Eventually, Sunny knows she must confront her destiny. With the support of her Leopard Society friends, Orlu, Chichi, and Sasha, and of her spirit face, Anyanwu, she will travel through worlds both visible and invisible to the mysteries town of Osisi, where she will fight a climactic battle to save humanity.

Much-honored Nnedi Okorafor, winner of the Hugo, Nebula, and World Fantasy awards, merges today’s Nigeria with a unique world she creates. Akata Warrior blends mythology, fantasy, history and magic into a compelling tale that will keep readers spellbound. 

Sex and Lies by Leila Slimani

Prompt: “lie” in the title, foreign country, BIPOQ rep.

Opinion:

It was very refreshing to read a non fiction book in a readathon. And this book was super fascinating! I learned a lot about Islam an women, but also about Islam and their dislike for western which in turn have turned them very strict. Did you know the ideal of a virgin is not from Islam but originates in pagan Mediterranean views? No? Neither did I. The value of non fiction books like these is in all the well-educated people who voice their opinion in here. Both men and women express their thoughts on sex, media, porn, religion, laws, etc. It was super fascinating and I highly recommend this to anyone who might think this sounds interesting.

Synopsis

In these essays, Leila Slimani gives voice to young Moroccan women who are grappling with a conservative Arab culture that at once condemns and commodifies sex. In a country where the law punishes and outlaws all forms of sex outside marriage, as well as homosexuality and prostitution, women have only two options for their sexual identities: virgin or wife. Sex and Lies is an essential confrontation with Morocco’s intimate demons and a vibrant appeal for the universal freedom to be, to love and to desire.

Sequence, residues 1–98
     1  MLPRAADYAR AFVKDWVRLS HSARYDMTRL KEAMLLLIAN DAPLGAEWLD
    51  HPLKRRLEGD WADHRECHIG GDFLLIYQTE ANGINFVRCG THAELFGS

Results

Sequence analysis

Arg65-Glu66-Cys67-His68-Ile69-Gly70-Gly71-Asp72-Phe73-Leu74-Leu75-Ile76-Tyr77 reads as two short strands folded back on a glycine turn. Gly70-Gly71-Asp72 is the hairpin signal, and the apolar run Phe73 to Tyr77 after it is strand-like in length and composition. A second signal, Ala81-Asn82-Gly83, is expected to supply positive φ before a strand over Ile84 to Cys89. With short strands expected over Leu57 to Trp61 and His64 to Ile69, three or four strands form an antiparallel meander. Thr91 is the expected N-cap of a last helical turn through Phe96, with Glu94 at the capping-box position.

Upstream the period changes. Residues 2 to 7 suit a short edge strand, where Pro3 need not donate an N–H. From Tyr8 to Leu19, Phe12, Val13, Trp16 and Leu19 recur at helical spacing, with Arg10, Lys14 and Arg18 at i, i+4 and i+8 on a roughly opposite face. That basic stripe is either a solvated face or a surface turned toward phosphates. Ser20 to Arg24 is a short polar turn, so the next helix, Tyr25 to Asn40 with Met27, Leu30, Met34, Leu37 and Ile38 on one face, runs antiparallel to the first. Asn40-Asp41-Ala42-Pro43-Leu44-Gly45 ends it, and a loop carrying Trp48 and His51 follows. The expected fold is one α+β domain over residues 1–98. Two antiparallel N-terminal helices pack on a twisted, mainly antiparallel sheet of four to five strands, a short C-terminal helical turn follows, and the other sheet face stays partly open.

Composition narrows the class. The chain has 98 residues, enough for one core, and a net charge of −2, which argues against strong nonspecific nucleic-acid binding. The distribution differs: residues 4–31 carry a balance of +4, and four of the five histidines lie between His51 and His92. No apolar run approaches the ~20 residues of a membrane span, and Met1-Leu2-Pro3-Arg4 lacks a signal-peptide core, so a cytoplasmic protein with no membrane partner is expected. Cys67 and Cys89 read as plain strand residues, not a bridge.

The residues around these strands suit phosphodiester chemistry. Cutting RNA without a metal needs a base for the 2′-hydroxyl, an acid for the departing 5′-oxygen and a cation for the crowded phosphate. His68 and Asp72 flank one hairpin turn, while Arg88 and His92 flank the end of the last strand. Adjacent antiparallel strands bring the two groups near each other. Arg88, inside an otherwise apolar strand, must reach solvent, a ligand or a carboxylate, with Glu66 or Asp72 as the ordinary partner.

Christmasaurus by Tom Fletcher

Prompt: Disability rep, does Santa count as an undead character? Asking for a friend…

Opinion:

This was a fun ride with weird words and rhymes in between a great story of a Christmas dinosaur and his friend. I very mush enjoyed this ride and read it in a day. It’s the perfect Christmas read amongst many Christmas reads out there.

Synopsis

The Christmasaurus is a story about a boy named William Trundle, and a dinosaur, the Christmasaurus. It’s about how they meet one Christmas Eve and have a magical adventure. It’s about friendship and families, sleigh bells and Santa, singing elves and flying reindeer, music and magic. It’s about discovering your heart’s true desire, and learning that the impossible might just be possible.

The London of Us (London Romance #4) by Claire Lydon

Prompt: LGBT+ rep, female protagonist.

Opinion:

As my first ever queer romance this was a pretty good start. I did read this right after a Muslim rom-com book so this unfortunately fell into its shadow. It felt a bit easy to be honest. But I loved the setting (London) with plenty of queer side characters and the discussion (yeah it was small but it was there) about bi-erasure and not having to put a label on yourself unless you want to. Loved that!

Synopsis

Alice Di Santo has it all – everyone says so. Perfect boyfriend, great job, settled home life. But when she meets Rachel Cramer, all that changes. Because Rachel is everything Alice has never considered – and now cannot stop thinking about.

This charming tale of coming out in your 30s sees Alice risk everything to go after what she wants, soon discovering she’s deserving of love – and especially this love, which takes her breath away.

The fourth book in the London Romance Series features favourite characters from the previous three novels, and proves that falling in love is never scripted.

Based on my TBR there was only one book I never managed to finish and that was Vicious by V. E. Schwab. But I still managed to get all the prompts and I consider his a successful readathon!

Future notes to self: Don’t do a readathon in October if you are doing NaNoWriMo…! Bad idea.

Anyone else participating in this readathon?

3 thoughts on “Gothtober – Wrap-up